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January 27, 2022

Letter

Anti-MonopolyDepartment of JusticeGovernment CapacityRevolving Door

Letter to Attorney General Merrick Garland Highlights Urgent Need for Resources in the Antitrust Division 

The Justice Department plays a key role in President Biden’s vision of promoting “the interests of American workers, businesses, and consumers” through increasing competition, a plan which stands to be one the most enduring legacies of this administration. Your commitment to promote “competition by fairly and vigorously enforcing the antitrust laws,” along with the confirmation of Jonathan Kanter to Assistant Attorney General for the Antitrust Division, are crucial steps forward in this vision.

January 25, 2022 | Talking Points Memo

Hannah Story Brown

Op-Ed

2020 Election/TransitionDepartment of JusticeExecutive BranchIndependent AgenciesRevolving Door

DOJ Civil: Progressives Should Pay Attention To The Actions Of This Powerful Litigating Division

If you search for the Civil Division of the Department of Justice (DOJ) on Google, you’ll find an overwhelming majority of search results are for the Civil Rights Division. That’s unsurprising — the average person is typically more aware of the Civil Rights Division’s work. And it makes sense: As the “crown jewel” of the DOJ, the division performs the crucial work of enforcing the laws that prohibit discrimination.

January 24, 2022

Toni Aguilar Rosenthal

Blog Post

ClimateEthics in GovernmentInteriorRevolving Door

Revolver Spotlight: Tommy Beaudreau Is Big Oil’s Back Door to Biden’s Interior

President Biden nominated Tommy Beaudreau to be his Deputy Secretary of the Department of the Interior last April, and he was confirmed to the position by June. Unfortunately, though Biden seeks to be seen as a climate champion, Beaudreau was, and is, a uniquely terrible choice to help helm a climate-focused administration. His revolving door record is extensive, his conflicts of interest are nearly unprecedented, and his (re)installment at the highest circles of the Department of the Interior was ultimately a win for oil and gas conglomerates.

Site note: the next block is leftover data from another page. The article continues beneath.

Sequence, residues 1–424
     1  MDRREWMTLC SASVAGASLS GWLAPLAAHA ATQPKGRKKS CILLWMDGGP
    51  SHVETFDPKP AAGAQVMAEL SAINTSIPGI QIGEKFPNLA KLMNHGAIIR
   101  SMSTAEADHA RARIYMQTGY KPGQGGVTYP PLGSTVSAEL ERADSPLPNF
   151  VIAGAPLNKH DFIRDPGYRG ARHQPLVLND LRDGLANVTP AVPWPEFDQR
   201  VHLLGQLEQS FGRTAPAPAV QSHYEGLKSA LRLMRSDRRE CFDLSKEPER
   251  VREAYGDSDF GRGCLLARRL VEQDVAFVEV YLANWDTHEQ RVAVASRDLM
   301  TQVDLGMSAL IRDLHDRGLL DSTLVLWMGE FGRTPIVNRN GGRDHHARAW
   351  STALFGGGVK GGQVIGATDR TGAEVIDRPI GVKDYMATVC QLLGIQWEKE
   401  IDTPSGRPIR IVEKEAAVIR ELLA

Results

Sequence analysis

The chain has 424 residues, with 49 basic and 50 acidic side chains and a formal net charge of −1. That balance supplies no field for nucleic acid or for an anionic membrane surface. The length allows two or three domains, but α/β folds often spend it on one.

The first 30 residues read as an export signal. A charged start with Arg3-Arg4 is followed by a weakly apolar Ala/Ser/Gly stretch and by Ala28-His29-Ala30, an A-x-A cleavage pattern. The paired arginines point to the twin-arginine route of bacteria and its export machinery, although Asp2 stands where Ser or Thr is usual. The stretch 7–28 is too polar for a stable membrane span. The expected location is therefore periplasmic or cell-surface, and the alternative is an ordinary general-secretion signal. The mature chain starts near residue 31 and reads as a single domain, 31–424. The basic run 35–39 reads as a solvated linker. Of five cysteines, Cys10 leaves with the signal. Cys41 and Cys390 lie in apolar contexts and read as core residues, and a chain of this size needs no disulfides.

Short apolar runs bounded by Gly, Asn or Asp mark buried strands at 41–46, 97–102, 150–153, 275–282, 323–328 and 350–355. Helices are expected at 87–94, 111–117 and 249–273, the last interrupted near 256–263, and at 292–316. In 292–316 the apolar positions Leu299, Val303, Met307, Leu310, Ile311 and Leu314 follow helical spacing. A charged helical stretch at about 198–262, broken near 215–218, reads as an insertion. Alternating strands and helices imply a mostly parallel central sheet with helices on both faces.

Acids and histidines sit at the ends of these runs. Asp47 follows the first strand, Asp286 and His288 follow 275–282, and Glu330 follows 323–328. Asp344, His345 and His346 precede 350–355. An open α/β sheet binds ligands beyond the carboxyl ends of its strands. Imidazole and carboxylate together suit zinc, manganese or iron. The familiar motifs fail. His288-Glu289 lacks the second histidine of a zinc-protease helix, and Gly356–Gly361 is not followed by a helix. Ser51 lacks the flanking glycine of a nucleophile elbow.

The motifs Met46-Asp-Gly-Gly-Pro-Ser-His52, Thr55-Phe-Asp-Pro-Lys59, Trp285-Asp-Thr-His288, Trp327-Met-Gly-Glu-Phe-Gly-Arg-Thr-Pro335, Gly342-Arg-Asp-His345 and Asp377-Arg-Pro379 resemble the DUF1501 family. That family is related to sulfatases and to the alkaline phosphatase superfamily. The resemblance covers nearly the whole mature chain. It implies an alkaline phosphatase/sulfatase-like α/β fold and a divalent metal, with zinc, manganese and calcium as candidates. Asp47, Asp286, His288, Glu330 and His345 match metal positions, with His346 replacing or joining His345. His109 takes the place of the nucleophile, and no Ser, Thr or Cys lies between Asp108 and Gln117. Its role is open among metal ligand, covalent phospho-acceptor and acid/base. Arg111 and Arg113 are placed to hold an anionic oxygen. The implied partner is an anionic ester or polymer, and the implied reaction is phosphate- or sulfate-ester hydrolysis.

December 03, 2021

Toni Aguilar Rosenthal

Blog Post

Ethics in GovernmentGovernment CapacityRevolving Door

Active Revolving Door Between Government and Contracting Industry Could Threaten Reform

Officially speaking, the federal government employs just shy of 3.6 million people (2.2 in the civilian workforce and 1.4 in the military). In reality, however, the number of people whose paychecks originate with the federal government (through grants or service contracts) is much larger — around 12 million according to recent estimates. This workforce, and the contracts that sustain it, rarely get much attention in public discourse. Yet, the federal government’s power to set standards and direct funds through contracting is not an insignificant one. President Biden has begun to tap into those powers with directives to raise the minimum wage to $15/hour for federal contractors and institute a vaccine mandate for those same workers. These are strong first steps but they only scratch the surface of what is possible and what is needed to address the many problems that plague federal contracting. Fully harnessing that power, however, will likely require confronting a deep-seated problem: an active revolving door between the offices charged with granting and monitoring federal contracts and the companies that receive them. 

November 18, 2021 | The American Prospect

Hannah Story Brown

Op-Ed

Department of JusticeEthics in GovernmentExecutive BranchIndependent AgenciesRevolving Door

How Biden Can Protect Students From Predatory For-Profit Colleges

The Biden administration inherited a morass of understaffed and undermined federal agencies, weakened by the Trump administration. It makes sense that building back the government’s capacity would be an uphill battle for the Biden administration, with so many years of policymaking undermined by his predecessor. What doesn’t make sense is the jarring number of cases in which the administration is going out of its way, at considerable cost, to uphold Trump-era policies that go against Biden’s stated agenda and the public interest.